Educational accountability scores get politically manipulated again
My buddy Jordan Ellenberg just came out with a fantastic piece in Slate entitled “The Case of the Missing Zeroes: An astonishing act of statistical chutzpah in the Indiana schools’ grade-changing scandal.”
Here are the leading sentences of the piece:
Florida Education Commissioner Tony Bennett resigned Thursday amid claims that, in his former position as superintendent of public instruction in Indiana, he manipulated the state’s system for evaluating school performance. Bennett, a Republican who created an A-to-F grading protocol for Indiana schools as a way to promote educational accountability, is accused of raising the mark for a school operated by a major GOP donor.
Jordan goes on to explain exactly what happened and how that manipulation took place. Turns out it was a pretty outrageous and easy-to-understand lie about missing zeroes which didn’t make any sense. You should read the whole thing, Jordan is a great writer and his fantasy about how he would deal with a student trying the same scam in his calculus class is perfect.
A few comments to make about this story overall.
- First of all, it’s another case of a mathematical model being manipulated for political reasons. It just happens to be a really simple mathematical model in this case, namely a weighted average of scores.
- In other words, the lesson learned for corrupt politicians in the future may well to be sure the formulae are more complicated and thus easier to game.
- Or in other words, let’s think about other examples of this kind of manipulation, where people in power manipulate scores after the fact for their buddies. Where might it be happening now? Look no further than the Value-Added Model for teachers and schools, which literally nobody understands or could prove is being manipulated in any given instance.
- Taking a step further back, let’s remind ourselves that educational accountability models in general are extremely ripe for gaming and manipulation due to their high stakes nature. And the question of who gets the best opportunity to manipulate their scores is, as shown in this example of the GOP-donor-connected school, often a question of who has the best connections.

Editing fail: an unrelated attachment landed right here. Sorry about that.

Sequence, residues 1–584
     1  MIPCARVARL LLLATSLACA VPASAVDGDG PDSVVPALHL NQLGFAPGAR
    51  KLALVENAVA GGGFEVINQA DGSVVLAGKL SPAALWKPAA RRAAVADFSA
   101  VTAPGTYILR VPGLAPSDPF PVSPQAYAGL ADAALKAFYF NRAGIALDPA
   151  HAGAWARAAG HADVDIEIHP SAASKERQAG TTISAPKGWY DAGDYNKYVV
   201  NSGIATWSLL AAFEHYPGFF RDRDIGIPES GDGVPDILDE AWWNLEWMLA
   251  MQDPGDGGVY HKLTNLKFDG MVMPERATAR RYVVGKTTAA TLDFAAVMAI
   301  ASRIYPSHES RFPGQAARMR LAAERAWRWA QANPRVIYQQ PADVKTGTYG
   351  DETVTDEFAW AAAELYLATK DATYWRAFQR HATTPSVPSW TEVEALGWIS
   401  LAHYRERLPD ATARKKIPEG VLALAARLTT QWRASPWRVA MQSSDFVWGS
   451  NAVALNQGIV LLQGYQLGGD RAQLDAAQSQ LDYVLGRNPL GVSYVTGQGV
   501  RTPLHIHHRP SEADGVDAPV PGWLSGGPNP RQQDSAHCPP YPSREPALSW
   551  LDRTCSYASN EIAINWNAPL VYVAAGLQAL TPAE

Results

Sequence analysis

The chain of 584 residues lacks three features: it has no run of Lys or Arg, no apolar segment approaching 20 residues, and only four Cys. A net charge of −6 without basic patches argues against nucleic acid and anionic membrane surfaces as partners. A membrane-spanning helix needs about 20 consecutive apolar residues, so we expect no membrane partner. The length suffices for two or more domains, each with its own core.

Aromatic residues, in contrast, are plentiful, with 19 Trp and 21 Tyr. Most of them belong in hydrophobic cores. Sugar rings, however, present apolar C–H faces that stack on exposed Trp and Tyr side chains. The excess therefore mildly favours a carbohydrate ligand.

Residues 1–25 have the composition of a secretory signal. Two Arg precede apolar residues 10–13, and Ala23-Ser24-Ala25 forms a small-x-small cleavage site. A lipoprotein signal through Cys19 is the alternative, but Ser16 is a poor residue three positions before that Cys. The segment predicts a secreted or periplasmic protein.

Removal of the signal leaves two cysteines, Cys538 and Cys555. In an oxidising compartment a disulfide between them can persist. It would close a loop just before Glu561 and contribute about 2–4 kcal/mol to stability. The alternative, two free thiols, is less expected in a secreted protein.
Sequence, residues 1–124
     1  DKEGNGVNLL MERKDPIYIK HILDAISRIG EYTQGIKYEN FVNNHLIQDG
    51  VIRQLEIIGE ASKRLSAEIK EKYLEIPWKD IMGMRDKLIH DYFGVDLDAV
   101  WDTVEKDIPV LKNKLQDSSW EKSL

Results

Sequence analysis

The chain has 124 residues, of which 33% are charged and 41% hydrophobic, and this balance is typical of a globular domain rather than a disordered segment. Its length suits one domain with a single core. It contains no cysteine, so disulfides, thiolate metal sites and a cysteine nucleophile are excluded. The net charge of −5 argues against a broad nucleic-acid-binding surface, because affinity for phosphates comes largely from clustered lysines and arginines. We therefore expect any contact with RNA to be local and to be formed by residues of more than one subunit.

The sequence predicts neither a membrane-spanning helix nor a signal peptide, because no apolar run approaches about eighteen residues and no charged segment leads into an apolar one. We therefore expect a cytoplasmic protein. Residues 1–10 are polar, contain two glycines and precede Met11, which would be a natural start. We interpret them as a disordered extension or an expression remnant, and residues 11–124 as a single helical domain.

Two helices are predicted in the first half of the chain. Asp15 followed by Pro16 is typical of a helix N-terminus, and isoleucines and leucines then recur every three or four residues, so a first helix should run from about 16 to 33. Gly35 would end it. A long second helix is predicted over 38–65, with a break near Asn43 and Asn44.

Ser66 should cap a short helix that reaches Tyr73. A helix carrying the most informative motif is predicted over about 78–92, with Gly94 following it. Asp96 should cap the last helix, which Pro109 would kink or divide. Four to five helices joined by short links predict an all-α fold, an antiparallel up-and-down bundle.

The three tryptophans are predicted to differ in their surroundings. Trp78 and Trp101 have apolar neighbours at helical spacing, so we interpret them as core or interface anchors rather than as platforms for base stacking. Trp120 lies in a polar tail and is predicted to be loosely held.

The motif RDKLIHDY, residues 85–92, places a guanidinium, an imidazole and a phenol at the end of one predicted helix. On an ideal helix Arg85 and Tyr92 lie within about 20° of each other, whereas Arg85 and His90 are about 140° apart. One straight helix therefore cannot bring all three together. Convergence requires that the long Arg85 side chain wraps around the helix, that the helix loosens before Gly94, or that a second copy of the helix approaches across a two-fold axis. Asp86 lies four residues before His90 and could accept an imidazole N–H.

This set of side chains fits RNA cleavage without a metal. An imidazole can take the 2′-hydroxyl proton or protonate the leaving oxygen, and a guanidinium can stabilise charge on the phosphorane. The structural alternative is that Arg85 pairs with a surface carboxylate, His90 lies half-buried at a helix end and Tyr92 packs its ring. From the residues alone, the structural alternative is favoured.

- In other words, I wonder how much the system can be trusted to give us a good signal on how well schools actually teach (at least how well they teach to the test).
- And if we want that signal to be clear, maybe we should take away the high stakes and literally measure it, with no consequences. Then, instead of punishing schools with bad scores, we could see how they need help.
- The conversation doesn’t profit from our continued crazy high expectations and fundamental belief in the existence of a silver bullet, the latest one being the Kipp Charter Schools – read this reality check if you’re wondering what I’m talking about (hat tip Jordan Ellenberg).
- As any statistician could tell you, any time you have an “educational experiment” involving highly motivated students, parents, and teachers, it will seem like a success. That’s called selection bias. The proof of the pudding lies in the scaling up of the method.
- We need to think longer term and consider how we’re treating good teachers and school administration who have to live under arbitrary and unfair systems. They might just leave.